Do not attend interviews without a professional advisor. It is best practice to ask ahead of time just what questions the inspector wishes to ask. This allows you time to prepare information and get advice.
The most obvious but perhaps the most overlooked advice is to keep all your records. These should be retained for at least seven years. Invoices both sent and received should be filed. With Xero you can do this electronically so there is no need to worry about physical file storage.
If you are facing an audit, you will need to get all your records organised ahead of the meeting with the IRD.
An audit is an expensive process and its hard to do on your own. You will need the advice of an accountant and this may involve work correcting accounts and returns. These fees soon add up.
Audit Insurance is inexpensive and we think it is a must for any business owner. A small annual premium will cover you for up to $20,000 of fees. It really is a no brainer so contact us if you want to know more. Insure yourself before the event and you will have one less thing to worry about.
If you have done something that is keeping you awake at night, a voluntary disclosure may be a way to set the record straight. It has one major advantage in that any penalties will be reduced by 75% to up to 100% in some circumstances.
There is also the potential to make a voluntary disclosure ahead of a compliance review or audit. If you know that you have taken an incorrect position, it may be best to front this early on in the process.
Before making a voluntary disclosure, check with an expert to ensure that any shortfall really is a shortfall. There’s nothing worse than paying tax when you didn’t have to. Make sure that you have complete information in order to make a disclosure and understand the likely costs associated with making that disclosure, such as interest, penalties and additional tax.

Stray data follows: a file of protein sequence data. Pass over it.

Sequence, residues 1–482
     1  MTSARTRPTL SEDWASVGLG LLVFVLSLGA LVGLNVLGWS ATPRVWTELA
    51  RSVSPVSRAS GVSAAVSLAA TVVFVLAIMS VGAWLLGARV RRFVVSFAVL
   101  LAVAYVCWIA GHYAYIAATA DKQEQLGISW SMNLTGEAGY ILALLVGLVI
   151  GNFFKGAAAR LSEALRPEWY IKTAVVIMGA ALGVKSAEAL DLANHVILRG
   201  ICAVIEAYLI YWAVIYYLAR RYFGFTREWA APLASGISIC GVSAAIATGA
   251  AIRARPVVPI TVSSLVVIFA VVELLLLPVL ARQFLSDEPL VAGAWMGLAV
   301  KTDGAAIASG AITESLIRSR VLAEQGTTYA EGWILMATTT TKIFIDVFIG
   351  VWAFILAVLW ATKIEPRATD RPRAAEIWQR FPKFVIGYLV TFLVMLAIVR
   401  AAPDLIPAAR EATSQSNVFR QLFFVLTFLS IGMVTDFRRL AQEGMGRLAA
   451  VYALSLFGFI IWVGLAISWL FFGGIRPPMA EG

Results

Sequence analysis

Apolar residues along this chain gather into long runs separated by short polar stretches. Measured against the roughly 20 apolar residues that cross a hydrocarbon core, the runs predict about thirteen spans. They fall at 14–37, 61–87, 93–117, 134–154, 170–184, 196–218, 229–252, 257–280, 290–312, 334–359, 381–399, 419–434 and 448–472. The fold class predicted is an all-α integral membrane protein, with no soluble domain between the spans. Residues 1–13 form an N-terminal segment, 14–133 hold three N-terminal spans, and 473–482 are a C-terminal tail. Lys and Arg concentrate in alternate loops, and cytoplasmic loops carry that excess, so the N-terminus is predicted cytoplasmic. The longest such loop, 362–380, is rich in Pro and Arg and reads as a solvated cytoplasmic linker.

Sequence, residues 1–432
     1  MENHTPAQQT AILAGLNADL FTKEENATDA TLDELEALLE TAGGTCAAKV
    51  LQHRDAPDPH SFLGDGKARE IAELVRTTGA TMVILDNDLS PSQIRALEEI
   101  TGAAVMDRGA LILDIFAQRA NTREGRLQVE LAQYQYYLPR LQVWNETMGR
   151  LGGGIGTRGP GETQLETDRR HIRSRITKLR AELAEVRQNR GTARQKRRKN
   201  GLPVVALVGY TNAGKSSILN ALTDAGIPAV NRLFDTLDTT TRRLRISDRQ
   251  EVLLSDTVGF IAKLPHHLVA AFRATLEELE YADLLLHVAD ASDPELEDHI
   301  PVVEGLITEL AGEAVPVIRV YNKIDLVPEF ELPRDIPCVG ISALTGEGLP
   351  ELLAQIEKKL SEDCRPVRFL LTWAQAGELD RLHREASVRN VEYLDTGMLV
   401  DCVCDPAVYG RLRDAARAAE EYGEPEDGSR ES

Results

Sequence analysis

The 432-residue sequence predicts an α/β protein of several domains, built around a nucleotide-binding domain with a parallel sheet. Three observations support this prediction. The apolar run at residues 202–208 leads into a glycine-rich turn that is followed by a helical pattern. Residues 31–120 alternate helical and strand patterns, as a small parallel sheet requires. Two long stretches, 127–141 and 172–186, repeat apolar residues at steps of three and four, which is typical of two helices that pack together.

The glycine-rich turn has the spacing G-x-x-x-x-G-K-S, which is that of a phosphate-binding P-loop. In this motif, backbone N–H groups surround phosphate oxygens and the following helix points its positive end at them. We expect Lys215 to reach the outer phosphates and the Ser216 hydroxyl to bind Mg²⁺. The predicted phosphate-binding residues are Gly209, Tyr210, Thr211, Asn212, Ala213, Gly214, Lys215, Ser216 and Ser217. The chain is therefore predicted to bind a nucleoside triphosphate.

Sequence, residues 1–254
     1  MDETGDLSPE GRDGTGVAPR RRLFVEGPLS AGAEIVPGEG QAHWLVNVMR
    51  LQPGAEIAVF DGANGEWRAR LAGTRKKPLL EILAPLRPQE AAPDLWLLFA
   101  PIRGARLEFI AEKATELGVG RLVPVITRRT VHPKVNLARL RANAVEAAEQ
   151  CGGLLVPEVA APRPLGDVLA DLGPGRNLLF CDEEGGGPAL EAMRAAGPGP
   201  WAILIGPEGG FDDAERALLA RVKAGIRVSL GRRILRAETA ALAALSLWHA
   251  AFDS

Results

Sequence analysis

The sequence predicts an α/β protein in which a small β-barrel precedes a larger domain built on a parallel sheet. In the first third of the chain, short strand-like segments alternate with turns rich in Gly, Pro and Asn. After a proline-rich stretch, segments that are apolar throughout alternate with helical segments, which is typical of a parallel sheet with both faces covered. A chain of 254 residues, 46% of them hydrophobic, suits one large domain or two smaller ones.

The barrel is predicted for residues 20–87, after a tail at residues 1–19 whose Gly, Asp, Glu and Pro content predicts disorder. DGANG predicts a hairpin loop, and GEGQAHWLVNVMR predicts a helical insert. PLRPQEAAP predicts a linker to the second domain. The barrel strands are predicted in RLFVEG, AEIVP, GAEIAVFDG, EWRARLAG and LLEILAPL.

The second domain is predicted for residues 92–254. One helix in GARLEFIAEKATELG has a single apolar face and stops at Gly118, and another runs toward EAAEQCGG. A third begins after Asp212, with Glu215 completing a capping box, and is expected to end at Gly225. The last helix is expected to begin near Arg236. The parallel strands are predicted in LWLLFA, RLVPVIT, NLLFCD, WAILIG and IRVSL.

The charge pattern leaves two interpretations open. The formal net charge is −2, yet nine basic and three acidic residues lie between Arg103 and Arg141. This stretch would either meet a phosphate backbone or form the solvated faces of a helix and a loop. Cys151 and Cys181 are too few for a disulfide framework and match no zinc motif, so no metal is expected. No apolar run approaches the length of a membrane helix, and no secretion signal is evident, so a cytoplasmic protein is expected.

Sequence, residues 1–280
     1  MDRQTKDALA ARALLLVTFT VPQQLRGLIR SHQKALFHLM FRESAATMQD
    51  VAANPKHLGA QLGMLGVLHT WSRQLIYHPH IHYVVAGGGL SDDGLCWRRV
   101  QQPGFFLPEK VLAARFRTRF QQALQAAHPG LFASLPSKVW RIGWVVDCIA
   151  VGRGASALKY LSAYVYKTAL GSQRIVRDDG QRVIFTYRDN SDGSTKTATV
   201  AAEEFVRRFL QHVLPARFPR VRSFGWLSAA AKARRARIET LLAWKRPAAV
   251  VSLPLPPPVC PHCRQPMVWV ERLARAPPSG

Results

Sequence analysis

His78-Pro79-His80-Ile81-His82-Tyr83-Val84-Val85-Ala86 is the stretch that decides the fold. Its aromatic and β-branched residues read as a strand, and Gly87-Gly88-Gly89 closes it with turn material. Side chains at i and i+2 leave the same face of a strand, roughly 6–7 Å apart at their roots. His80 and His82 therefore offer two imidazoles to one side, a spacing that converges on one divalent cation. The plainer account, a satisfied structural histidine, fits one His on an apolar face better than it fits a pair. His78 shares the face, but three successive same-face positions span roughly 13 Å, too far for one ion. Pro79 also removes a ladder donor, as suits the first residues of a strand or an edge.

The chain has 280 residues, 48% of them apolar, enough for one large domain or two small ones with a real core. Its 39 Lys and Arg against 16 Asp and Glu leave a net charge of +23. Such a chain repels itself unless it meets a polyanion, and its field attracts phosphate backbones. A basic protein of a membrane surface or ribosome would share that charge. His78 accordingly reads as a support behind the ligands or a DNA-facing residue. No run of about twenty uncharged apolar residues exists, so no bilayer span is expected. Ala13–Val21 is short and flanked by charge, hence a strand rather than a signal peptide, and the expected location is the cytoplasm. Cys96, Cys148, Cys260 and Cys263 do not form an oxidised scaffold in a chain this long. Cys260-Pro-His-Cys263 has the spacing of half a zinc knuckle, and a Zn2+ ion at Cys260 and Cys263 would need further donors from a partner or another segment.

A voluntary disclosure may not prevent a subsequent audit. It will normally significantly decrease any penalties that would arise from an audit.
It is always far cheaper to get advice first than to suffer the consequences down the track. Interest and shortfall penalties are applied to reassessed tax by the IRD at the conclusion of an audit. This can be very expensive, particularly if the issue is historic. In extreme cases the IRD might choose to pursue a prosecution. Always get advice early.
On the topic of advice, IRD investigations (be they compliance reviews or audits) are a specialist area. Not all accountants are proficient at handling the audit process. They may lack the experience and background to handle an audit on their own, if at all.
If you are facing an IRD audit, don’t go it alone. It’s stressful and uncertain and tax law is complex. Even if you are confident that all your affairs are above reproach, check your assumptions. Remember, all things must pass and you can get through it.
This advice is by its nature general in application. Every situation is unique. Generate Accounting Group has expertise in guiding taxpayers through the audit process to a satisfactory conclusion.